My video essay is split into three chapters, ‘seeing double’, ‘hidden from the world’ and ‘connoisseur of detail’. These three chapters allow the video essay to adequately explore the key elements of the film that best demonstrate Paterson as a character to be a flâneur. ‘Seeing double’ dissects how paterson is consistently observing, seeing twins specifically due to a dream he is told at the start of the film. These moments within the film present Paterson as someone who has been ‘gifted the capacity of seeing’.
The second chapter, ‘hidden from the world’ views Paterson through the lens of ‘incognito’, with this being a necessary element of flânerie, with the title itself coming from Zhou’s essay ‘Discovering the beauty of the quotidian’.
‘Connoisseur of detail’ refers to a key part of Paterson as a film, the poems. The transformation of Paterson’s observations into creative writing, he is shown to have the ‘power of expression’ that Baudelaire claims only few people possess. These poems are, as Richard Brody writes, ‘imbued with the modest substance of his life’.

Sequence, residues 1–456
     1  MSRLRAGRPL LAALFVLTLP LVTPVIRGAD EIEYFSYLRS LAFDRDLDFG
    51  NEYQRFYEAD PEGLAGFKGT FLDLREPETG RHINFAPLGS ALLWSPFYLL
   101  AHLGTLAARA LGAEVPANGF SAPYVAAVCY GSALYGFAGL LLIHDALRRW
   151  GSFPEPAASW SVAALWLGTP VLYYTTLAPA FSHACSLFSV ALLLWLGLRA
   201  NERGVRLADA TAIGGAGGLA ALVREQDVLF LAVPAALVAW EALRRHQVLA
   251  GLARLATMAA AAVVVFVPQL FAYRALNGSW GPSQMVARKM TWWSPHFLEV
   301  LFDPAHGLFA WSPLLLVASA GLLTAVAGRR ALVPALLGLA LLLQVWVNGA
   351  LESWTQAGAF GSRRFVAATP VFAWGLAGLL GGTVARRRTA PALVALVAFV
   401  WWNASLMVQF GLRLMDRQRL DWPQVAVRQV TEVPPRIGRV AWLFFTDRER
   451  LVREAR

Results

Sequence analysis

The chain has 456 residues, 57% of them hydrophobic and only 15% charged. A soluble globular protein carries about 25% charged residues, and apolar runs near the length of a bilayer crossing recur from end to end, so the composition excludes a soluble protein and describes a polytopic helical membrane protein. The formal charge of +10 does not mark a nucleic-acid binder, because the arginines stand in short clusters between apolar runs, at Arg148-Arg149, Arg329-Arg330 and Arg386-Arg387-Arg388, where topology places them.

My aim for the video essay tonally is to match that of the film, hence why I allow sequences such as the ‘love poem’ and the first clip from the ‘hidden from the world’ chapter to play out over a substabtual length of time. Paterson as a film takes its time, and whilst still maintaining the viewer’s attention and allowing for them to learn about this theory and how it relates to the film, I wanted to present my video essay at a calming pace, to create a ‘pensive mood’ similar to that of the film itself. This is also why thmusic from the film plays throughout almost all of the video essay.
 Baudelaire, Charles. The Painter of Modern Life and Other Essays. Phaidon Press, 1863.
 Zhou, Qingyang (Freya). Discovering the Beauty of the Quotidian: The Contemporary Flâneur in Jim Jarmusch’s “Paterson. Film Matters, 2020
 Baudelaire, Charles. The Painter of Modern Life and Other Essays. Phaidon Press, 1863
 Zhou, Qingyang (Freya). Discovering the Beauty of the Quotidian: The Contemporary Flâneur in Jim Jarmusch’s “Paterson. Film Matters, 2020